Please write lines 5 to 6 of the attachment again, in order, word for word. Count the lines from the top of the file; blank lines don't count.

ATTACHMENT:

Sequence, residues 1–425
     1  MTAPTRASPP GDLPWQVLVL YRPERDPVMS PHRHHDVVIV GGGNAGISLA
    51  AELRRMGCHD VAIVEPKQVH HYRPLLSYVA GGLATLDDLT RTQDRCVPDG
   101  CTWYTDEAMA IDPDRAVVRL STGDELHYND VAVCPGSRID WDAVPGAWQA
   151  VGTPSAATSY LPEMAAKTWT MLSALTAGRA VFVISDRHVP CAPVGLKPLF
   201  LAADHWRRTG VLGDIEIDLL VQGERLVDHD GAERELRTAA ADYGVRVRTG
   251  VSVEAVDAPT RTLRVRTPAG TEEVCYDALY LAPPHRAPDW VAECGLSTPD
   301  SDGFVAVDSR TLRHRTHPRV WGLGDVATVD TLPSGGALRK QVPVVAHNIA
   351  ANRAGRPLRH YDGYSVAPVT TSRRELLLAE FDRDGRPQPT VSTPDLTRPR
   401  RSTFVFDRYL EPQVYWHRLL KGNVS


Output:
   151  VGTPSAATSY LPEMAAKTWT MLSALTAGRA VFVISDRHVP CAPVGLKPLF
   201  LAADHWRRTG VLGDIEIDLL VQGERLVDHD GAERELRTAA ADYGVRVRTG